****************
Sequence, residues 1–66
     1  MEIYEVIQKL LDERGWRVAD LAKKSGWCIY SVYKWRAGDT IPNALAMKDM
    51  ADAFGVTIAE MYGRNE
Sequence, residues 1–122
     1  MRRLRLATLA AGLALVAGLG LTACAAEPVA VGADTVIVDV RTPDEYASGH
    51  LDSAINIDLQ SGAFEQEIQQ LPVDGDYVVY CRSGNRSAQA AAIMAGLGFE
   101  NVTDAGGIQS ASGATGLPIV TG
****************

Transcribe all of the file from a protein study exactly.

Sequence, residues 1–66
     1  MEIYEVIQKL LDERGWRVAD LAKKSGWCIY SVYKWRAGDT IPNALAMKDM
    51  ADAFGVTIAE MYGRNE
Sequence, residues 1–122
     1  MRRLRLATLA AGLALVAGLG LTACAAEPVA VGADTVIVDV RTPDEYASGH
    51  LDSAINIDLQ SGAFEQEIQQ LPVDGDYVVY CRSGNRSAQA AAIMAGLGFE
   101  NVTDAGGIQS ASGATGLPIV TG